Wiz clings on tightly as we negotiate a sharp corner: “You can entertain all sorts of people on all different levels, you know?

“Some people who like soul and pop aren’t put off by the volume and intensity in our music, because of the really nice tunes that go with it.”

Danny: “It’s like your Kylies and your Jasons, that to me is dead. It’s nowhere music, and there’s kids listening to that sort of thing. And I think, God, if they had a chance to listen to something like what we do…”

Is that your enemy? Sterile pop?


What are you against, then?

Chris: “Showbiz.”

Danny: “That says it all. We’re not showbiz.”

Chris: “It’s like going to gala evenings and record company performances, and all this old shit. But then, I don’t think it’s an enemy – it’s just something we’ll never do.”

U2 then? Simple Minds? Genesis?

Wiz: “It’s difficult to think about those people without realizing that they’re as far removed from us as if you were talking about Robert f***ing Redford and Sophia Loren, sort of thing. It’s as if they’re on a different planet to us.

“We can’t really get annoyed about anything they do, I can’t really feel part of it. It’s a different f***ing culture to what we’re doing.”

Chris: “We hope there’ll never be a Mega City Four fan club, because we don’t think there’s such things as fans.

“If they come and see us, they’re just friends, that’s it. I mean, this musician/fan thing is completely ridiculous. Well, the musician thing with us is ridiculous!”

He laughs his bollocks off again.

WE STOP at a transport café for brown tea and a gut-churning breakfast fry-up. I join Wiz at a cholesterol-free table where we sensibly partake in a slice of Bakewell tart.

Wiz often sits apart from the others. He needs time alone, “mainly to save the others from an ear-bashing, because I get so bloody grumpy.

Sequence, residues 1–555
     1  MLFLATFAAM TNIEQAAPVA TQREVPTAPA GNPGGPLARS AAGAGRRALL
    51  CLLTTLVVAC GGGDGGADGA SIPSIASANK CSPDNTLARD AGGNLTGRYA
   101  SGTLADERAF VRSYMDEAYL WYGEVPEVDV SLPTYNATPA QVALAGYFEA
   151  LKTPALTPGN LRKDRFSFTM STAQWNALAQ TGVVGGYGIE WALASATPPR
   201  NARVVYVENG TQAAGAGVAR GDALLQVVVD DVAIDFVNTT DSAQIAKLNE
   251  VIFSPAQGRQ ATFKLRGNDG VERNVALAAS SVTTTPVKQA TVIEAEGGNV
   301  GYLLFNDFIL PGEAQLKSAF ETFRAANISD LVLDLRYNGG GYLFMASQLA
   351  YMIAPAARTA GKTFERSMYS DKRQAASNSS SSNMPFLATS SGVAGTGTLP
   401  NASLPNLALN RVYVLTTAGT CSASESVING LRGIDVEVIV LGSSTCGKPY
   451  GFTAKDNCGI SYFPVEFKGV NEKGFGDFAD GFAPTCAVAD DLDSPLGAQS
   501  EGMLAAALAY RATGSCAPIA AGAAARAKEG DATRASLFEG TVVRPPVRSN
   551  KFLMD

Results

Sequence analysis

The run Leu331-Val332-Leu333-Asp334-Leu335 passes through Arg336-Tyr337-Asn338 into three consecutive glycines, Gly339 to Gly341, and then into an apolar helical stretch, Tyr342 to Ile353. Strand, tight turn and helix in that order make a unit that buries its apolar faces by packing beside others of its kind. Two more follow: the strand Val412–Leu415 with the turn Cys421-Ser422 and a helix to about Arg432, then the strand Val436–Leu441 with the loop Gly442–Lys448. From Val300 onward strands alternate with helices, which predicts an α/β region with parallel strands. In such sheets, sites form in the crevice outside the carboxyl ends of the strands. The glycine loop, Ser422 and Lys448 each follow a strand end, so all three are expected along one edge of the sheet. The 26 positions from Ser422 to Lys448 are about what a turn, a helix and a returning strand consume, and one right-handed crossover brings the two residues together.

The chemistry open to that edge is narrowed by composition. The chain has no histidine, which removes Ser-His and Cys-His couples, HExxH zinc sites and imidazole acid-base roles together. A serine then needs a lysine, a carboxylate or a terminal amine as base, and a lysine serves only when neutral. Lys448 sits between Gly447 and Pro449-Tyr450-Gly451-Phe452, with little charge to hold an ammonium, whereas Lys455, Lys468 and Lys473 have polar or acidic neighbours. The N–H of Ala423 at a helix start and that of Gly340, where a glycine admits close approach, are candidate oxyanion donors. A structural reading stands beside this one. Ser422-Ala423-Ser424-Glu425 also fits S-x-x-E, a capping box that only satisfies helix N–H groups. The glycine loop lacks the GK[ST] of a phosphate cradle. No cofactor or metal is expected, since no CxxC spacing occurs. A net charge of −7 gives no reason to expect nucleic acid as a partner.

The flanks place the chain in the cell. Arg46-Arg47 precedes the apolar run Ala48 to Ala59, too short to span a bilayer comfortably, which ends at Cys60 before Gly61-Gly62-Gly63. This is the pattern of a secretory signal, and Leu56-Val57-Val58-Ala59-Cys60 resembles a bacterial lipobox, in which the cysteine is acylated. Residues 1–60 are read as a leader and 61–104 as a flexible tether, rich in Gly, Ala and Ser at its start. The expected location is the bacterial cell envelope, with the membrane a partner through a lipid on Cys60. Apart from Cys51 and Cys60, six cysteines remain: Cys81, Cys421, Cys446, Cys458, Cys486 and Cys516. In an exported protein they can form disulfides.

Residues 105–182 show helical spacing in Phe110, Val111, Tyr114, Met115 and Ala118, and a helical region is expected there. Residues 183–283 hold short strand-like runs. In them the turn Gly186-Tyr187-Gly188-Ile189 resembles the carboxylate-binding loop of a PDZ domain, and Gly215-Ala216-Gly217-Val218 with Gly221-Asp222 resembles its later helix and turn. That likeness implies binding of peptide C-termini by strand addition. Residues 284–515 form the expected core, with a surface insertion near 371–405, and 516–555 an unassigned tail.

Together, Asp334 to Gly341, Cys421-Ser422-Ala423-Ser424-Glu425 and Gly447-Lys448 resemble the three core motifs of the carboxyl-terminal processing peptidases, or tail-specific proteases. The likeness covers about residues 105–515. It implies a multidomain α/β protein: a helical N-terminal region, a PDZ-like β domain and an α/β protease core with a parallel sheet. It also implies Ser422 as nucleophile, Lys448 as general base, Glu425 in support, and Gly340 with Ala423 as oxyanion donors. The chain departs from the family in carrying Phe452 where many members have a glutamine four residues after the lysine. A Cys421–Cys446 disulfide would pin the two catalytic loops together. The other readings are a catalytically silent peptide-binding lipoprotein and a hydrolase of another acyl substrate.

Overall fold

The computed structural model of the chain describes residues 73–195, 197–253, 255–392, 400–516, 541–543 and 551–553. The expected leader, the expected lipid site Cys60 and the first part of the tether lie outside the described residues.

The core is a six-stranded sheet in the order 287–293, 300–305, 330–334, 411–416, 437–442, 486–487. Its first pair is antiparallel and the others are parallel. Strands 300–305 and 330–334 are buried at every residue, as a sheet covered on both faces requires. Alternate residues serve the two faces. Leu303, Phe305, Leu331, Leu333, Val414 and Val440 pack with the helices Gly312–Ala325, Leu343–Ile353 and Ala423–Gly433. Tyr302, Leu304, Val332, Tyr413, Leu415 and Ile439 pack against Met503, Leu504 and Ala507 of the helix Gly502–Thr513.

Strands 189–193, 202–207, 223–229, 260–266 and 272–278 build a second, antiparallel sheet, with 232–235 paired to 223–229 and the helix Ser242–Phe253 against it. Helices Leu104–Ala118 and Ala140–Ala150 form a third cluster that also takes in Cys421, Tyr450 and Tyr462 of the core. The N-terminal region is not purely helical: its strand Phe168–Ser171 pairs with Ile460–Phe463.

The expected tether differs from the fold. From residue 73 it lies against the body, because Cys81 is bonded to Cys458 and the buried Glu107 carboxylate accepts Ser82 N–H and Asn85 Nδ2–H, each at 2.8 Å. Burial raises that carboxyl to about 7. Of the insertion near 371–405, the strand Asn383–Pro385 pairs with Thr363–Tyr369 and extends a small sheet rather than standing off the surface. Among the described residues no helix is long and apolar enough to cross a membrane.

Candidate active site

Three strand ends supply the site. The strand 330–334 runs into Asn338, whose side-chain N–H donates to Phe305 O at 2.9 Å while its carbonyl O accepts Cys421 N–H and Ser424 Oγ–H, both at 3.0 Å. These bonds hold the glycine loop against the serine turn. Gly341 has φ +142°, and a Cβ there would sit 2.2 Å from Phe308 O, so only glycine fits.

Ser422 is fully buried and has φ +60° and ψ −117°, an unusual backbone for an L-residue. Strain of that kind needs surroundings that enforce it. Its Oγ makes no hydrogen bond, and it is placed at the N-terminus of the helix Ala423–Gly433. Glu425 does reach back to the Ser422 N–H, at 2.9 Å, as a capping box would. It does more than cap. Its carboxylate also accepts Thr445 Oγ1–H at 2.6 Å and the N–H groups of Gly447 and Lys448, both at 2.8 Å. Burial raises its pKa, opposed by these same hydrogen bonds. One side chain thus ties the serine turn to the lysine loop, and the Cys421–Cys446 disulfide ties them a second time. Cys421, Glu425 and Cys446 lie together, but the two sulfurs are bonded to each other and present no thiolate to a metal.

“Instead of being really ratty all the time I just cut myself off,” he says. “I just read, or look out of the van window, or sleep.

“I take as little part in the proceedings as possible, apart from actually playing the gigs and doing the soundchecks. We’ve all worked out our ways of dealing with being together all the time.”

Just as well. Mega City Four’s irrepressible and brilliantly liberating rock ‘n’ roll is the best thing to hit the UK scene in ages.

And yet some people have knocked them for being too lightweight, too poppy. Several misery-guts have leapt to the assumption that Wiz’s lyrics are all frivolity and no depth. How wrong can you get?

“As time goes by, people realize that we’re writing stuff that’s more erudite than you’d normally associate with a band of our style.

“Our songs aren’t direct, they don’t deal with exact subject matter. They put everything on to a higher moral scale – the difference between right and wrong, sort of thing. And on the face of it there aren’t any harsh political issues dealt with. But there are.

“The best thing to do is step away from the particular issue and talk about the whole thing of… whatever it may be – misuse of power, misuse of privilege, all that sort of thing.”

Do you understand why journalists are always sending you up?

“Yeah, absolutely, and we can see why they think it’s really funny. I know exactly why they say that coherent thought can only destroy an aesthetic that lives on instinct above, um, whatever it was [Sounds writer] Roy Wilkinson said. It was a very valid point.

“If we were super-intelligent we wouldn’t make the music we make. It’s as simple as that.”

ARE YOU in your element in the Transit van? Is it like home to you?

“Not to me, no.”

You’ve called the LP ‘Tranzophobia’ – it must mean something to you.

“Yeah, it does. We thought, If we’re going to do the album, we’ve built our whole thing on playing live, so we may as well tie it in, sort of thing.”

Would you ever consider getting a tour bus, or would it always have to be a Transit?

“Oh no, it wouldn’t have to be a Transit. But it’d probably have to be a Ford, we wouldn’t get a Bedford. But if we got some money, we’d probably get a bigger van, make it a bit more comfortable.

“But no, I’m certainly not in my element in the back of that bloody van, it drives me f***ing mad.”

Mega City Four – they don’t mince words, and they play rock ‘n’ roll that brings a lump to the throat. Wiz puts it like this…

“The better it gets, the better it gets.”

He’s not kidding either.

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  1. Wiz was a true gent who always found the time to sit down and chat in front of a tape recorder with this fanzine writer. Whether it was at 5.00am at Glastonbury or sat on the train tracks behind the Adelphi in Hull – cheers for the memories mate!

  2. A very special man who always found time for everyone. Many very special memories. RIP… but I wish you were still here for a chat.